Outdoor Classrooms Open on UCSD Campus


Photo of an ourdoor classroom tent.
Maya Philipp / The Triton

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On November 9 as part of UCSD’s Return to Learn program, two new outdoor complexes will be opened on campus. These structures will serve as lecture halls and study lounges for instructors and students.

Nine tents have been built so far: two classrooms and two study areas in Revelle Plaza, and two classrooms and three study areas in Warren Mall. The classrooms are equipped with LCD display screens, speakers, microphones, wireless network range extenders, whiteboards, and seating areas for up to 50 students. Both are ADA and social distancing compliant, with raised platforms in case of inclement weather. The outdoor classrooms will be disinfected daily just like the regular lecture halls and classrooms.

The outdoor classroom technology will be provided by UCSD’s IT Services and will be maintained by the University Centers’ tech services team, which consists of four professional staff and five student employees.

Sharon van Bruggen, executive director of University Centers told The Triton that “the University Centers don’t normally provide AV services for lecture halls or classrooms. However, providing this service for the outdoor classrooms seemed like a perfect opportunity to keep our student employees working, support our campus partners in Academic Affairs, and support the student body with a professional outdoor classroom experience.”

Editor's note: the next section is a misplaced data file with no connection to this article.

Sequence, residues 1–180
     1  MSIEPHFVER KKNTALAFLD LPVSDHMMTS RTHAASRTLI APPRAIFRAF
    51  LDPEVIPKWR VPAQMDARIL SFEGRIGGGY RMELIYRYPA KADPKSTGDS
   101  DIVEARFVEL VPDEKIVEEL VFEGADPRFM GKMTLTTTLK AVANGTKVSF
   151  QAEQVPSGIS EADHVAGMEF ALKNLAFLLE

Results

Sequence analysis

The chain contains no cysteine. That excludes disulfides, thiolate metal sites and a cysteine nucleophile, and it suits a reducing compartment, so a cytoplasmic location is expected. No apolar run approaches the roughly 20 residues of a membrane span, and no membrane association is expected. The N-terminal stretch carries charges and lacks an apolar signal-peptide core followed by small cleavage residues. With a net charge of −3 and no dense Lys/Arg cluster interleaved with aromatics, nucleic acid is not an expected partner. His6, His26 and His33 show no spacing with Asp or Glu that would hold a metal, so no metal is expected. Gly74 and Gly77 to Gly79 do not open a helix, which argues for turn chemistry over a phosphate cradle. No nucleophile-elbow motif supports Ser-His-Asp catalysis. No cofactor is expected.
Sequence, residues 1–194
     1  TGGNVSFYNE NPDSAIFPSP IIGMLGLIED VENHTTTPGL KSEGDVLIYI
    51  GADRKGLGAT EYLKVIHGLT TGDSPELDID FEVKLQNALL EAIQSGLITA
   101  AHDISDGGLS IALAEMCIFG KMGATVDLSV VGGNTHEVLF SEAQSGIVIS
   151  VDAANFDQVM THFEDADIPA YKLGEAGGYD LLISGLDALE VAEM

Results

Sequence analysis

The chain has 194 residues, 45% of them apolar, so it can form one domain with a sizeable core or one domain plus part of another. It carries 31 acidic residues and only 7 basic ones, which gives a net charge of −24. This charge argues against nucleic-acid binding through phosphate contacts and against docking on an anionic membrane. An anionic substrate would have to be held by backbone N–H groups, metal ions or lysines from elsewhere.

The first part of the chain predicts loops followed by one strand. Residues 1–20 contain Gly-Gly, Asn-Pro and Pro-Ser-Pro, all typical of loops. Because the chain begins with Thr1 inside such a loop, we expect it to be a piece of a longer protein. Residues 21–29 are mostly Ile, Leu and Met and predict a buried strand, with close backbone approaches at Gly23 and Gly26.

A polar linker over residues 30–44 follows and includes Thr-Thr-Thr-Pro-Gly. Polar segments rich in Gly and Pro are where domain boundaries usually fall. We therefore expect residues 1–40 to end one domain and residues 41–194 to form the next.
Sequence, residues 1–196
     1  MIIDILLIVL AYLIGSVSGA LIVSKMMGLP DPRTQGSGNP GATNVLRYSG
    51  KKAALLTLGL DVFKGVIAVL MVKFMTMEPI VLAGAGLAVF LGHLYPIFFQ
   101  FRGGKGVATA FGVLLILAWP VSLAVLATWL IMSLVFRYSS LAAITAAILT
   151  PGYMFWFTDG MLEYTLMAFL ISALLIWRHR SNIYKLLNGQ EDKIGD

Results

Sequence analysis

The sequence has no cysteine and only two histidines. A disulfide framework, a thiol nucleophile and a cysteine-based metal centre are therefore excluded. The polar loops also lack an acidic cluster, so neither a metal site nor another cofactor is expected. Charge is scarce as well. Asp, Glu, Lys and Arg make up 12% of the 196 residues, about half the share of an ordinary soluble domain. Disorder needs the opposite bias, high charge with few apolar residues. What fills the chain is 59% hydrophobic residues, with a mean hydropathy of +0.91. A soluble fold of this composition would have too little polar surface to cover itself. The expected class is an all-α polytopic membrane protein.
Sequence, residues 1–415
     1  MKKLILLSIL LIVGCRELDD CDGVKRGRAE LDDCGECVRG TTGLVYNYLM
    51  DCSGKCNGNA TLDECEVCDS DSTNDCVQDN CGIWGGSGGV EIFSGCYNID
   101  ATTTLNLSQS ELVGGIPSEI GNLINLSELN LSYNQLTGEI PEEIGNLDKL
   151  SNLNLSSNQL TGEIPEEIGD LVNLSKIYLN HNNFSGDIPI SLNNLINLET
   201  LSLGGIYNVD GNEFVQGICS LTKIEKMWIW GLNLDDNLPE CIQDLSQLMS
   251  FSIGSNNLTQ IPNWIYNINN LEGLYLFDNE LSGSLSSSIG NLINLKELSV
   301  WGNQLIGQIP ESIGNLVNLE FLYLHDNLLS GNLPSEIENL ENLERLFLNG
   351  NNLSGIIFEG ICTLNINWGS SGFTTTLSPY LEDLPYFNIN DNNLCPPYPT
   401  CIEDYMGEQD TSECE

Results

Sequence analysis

Instructors were given the opportunity to move their fall classes here for in-person learning, while students wanting a safe space to study outside of formal instruction can access the classrooms reservation-free. Recording equipment will allow instructors to make the classes hosted here available for students who are either unwilling or unable to attend.

UCSD officials are optimistic about the use of outdoor classrooms during winter quarter following the success of fall quarter classes like MAE/ECE 148: Introduction to Autonomous Vehicles.

“Classes for winter are not finalized yet, but classes can now be scheduled in the new spaces, at the faculty members’ discretion,” said Christine Clark, assistant director of communications. “The new spaces have been added because we have a shortage of larger socially-distanced classrooms, and both faculty and students have expressed an interest in teaching and learning outdoors. These spaces give faculty and programs more flexibility in delivering learning experiences.”

Despite less than 10% of classes at UCSD being offered in-person, faculty have had difficulty finding spaces to accommodate them. Class sizes are limited to 50 students per class, but with strict social distancing and cleaning guidelines spreading staff resources thin, more classrooms were deemed necessary.

Alongside the opening of outdoor classrooms are new options for outdoor recreation offered through UCSD’s Return to Rec program. Those who register for memberships, free with tuition, can access in-person classes for activities such as boxing, dance, surfing, and archery. Facilities like the track and field stadium will remain open for individual use; the Canyonview pool, graduate housing pool, and outdoor tennis courts will remain open for use with a reservation.

“We have been working hard to institute new cleaning protocols and training staff members in preparation for reopening RIMAC gym for workouts and classes,” Clark said. “Our plan includes transforming the basketball court near Main Gym into an outdoor strength training area by winter quarter.”

Clark was reached out to for clarification regarding the use of outdoor classrooms following winter class enrollment, but no response was given.

Bryce Pollack is a staff writer for The Triton.